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A 30-year-old male presented to the Fast Track component of an inner city emergency department (ED) as a level IV trauma. The patient reported a 6-month history of back pain and was initially evaluated by a nurse practitioner. The practitioner's evaluation demonstrated no evidence of trauma. The patient's pain was in the low back with radiation into the posterior aspect of both lower extremities extending to the knees. The patient denied any nausea, vomiting, or fever and reported no changes in his bowel and bladder habits. Over the past few months, he has had multiple visits to the ED for the same problem and he reports the only management of his symptoms to date has been prescribed opiates for pain. The patient has not worked in the past 2 years and he has no medical insurance. The physical therapist is consulted in the evaluation and treatment of this patient in the ED.

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What are the most appropriate examination tests?

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How would this individual's contextual factors influence or change your patient/client management?

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What are possible complications that may limit the effectiveness of physical therapy?

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What are the most appropriate physical therapy interventions?

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Identify the psychological (or psychosocial) factors apparent in this case.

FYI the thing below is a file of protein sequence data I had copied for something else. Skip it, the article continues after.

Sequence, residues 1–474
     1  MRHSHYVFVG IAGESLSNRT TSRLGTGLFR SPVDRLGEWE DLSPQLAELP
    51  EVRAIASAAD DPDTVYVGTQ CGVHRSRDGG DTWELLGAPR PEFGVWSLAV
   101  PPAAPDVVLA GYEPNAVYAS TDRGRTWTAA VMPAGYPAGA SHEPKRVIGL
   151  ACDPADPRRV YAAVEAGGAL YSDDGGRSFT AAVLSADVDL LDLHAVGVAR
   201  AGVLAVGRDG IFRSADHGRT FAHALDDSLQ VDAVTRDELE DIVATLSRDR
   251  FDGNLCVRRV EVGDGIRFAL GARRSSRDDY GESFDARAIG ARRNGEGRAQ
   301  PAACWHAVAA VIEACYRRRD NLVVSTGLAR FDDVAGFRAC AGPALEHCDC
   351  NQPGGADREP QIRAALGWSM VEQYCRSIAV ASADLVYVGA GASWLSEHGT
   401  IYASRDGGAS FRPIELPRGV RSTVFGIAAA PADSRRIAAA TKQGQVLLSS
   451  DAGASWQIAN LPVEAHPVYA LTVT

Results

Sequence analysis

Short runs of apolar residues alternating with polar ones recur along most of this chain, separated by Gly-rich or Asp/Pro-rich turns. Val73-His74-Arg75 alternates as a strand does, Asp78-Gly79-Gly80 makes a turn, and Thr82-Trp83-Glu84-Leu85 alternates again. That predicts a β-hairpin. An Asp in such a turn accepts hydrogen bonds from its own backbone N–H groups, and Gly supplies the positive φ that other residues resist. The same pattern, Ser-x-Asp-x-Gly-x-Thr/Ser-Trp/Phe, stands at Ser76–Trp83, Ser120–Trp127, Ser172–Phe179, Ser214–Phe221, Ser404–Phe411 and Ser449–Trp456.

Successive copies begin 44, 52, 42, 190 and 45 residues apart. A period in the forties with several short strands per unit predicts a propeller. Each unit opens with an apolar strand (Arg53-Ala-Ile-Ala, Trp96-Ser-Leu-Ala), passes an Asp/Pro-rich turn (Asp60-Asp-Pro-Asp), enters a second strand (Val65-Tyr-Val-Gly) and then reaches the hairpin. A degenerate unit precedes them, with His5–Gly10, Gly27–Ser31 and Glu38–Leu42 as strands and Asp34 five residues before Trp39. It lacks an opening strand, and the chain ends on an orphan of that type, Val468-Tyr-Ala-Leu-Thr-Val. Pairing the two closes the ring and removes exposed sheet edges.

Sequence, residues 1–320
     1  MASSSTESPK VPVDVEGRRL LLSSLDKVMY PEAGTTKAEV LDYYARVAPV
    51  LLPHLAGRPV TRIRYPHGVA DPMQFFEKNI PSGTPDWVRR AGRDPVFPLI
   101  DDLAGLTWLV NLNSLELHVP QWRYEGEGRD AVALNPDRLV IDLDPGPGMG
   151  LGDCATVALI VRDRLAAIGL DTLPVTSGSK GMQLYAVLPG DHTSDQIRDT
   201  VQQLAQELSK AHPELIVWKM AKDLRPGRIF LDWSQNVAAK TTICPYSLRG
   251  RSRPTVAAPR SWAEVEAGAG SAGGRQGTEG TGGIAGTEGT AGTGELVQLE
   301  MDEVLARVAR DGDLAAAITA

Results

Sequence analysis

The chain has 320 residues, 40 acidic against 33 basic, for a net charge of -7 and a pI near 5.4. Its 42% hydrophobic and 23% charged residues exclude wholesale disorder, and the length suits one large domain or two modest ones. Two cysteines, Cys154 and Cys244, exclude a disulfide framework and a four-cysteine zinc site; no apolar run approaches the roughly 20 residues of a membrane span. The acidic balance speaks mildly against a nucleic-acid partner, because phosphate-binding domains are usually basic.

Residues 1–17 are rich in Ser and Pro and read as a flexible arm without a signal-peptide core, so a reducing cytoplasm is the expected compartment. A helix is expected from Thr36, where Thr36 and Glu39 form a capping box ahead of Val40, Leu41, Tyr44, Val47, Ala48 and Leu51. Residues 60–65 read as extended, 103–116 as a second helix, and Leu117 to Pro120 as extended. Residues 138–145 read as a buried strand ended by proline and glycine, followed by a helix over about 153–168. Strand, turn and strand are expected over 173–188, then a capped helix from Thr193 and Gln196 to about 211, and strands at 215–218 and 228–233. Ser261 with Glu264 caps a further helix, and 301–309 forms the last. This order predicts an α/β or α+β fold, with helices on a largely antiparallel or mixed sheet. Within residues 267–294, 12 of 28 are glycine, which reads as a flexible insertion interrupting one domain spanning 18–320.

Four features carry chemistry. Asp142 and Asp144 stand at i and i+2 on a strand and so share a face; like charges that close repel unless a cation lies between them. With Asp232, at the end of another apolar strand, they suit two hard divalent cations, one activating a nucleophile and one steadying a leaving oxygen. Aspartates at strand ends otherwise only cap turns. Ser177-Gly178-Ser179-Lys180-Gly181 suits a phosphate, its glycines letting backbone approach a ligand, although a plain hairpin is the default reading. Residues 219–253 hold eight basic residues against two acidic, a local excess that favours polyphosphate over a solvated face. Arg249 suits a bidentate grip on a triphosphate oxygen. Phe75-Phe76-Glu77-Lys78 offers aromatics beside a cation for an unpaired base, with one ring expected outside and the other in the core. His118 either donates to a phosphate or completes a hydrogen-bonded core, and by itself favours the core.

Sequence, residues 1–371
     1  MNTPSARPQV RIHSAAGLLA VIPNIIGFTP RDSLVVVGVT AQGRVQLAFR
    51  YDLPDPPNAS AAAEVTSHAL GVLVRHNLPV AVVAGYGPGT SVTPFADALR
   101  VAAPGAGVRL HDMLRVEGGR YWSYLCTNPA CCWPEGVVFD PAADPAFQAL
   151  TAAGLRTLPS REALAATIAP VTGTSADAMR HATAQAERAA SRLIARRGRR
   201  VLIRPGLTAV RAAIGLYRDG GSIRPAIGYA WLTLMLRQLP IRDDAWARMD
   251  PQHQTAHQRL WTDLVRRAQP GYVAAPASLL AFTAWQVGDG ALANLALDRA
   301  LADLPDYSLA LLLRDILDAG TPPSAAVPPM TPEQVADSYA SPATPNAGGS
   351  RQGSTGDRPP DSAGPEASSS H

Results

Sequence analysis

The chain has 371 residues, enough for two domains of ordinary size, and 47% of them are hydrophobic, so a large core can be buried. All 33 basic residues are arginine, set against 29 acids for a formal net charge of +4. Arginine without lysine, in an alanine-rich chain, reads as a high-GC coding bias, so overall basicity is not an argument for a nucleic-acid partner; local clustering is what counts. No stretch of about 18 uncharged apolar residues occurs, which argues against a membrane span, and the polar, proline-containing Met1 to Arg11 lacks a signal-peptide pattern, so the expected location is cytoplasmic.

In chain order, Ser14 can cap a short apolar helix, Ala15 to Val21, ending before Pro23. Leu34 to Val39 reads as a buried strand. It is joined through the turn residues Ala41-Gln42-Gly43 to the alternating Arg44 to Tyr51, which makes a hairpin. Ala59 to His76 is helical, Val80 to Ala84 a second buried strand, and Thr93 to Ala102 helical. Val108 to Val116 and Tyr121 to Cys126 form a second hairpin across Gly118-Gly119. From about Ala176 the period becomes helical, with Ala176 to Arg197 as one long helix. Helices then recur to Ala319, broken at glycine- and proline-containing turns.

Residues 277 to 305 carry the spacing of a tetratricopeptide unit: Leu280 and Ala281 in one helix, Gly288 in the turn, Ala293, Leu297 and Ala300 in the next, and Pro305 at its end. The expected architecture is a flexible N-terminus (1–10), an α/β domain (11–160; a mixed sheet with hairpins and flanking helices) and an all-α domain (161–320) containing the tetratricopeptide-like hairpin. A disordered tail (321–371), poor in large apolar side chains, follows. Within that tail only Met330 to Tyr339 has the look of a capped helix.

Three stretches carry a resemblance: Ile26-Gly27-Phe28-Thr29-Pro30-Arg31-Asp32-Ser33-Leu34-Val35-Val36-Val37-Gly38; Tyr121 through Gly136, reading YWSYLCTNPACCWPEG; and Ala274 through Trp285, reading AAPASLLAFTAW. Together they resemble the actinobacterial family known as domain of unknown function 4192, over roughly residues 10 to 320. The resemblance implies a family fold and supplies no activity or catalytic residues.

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What relevant questions about the patient remain unanswered?

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  • DISC EXTRUSION: When the nucleus pulposus of the intervertebral disc has ruptured through the annulus fibrosus, causing a wide range of signs and symptoms depending on the tissues impinged
  • FAST TRACK: A fast track service within the ED allows patients with acute but non-life-threatening conditions to be treated more quickly and then released; this system is designed to improve the efficiency and decrease the patient's wait time in the ED1
  • LEVEL IV TRAUMA: Many EDs in the United States triage patients into different levels of trauma based on severity of their condition; the triage system usually places patients on a scale of I-V, with a level I trauma patient being a life-threatening injury and levels IV and V being non-life-threatening and requiring fewer diagnostic needs

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  1. Describe the differences between a patient evaluation performed by a physical therapist (PT) and an evaluation performed by a medical doctor (MD) and nurse practitioner (NP) in the ED.

  2. Explain how a physical therapist may contribute to the management of a patient in the ED.

  3. Describe the types of patients managed by PTs in the ED and how their examination and treatment approach differs from that of other healthcare providers.

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PT considerations during management of the individual presenting in the ED with low back pain:

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  • General physical therapy plan of care/goals: Pain relief and increased function; self-management and prevention strategies; patient understanding of current condition and prognosis; individualized follow-up plan
  • Physical ...

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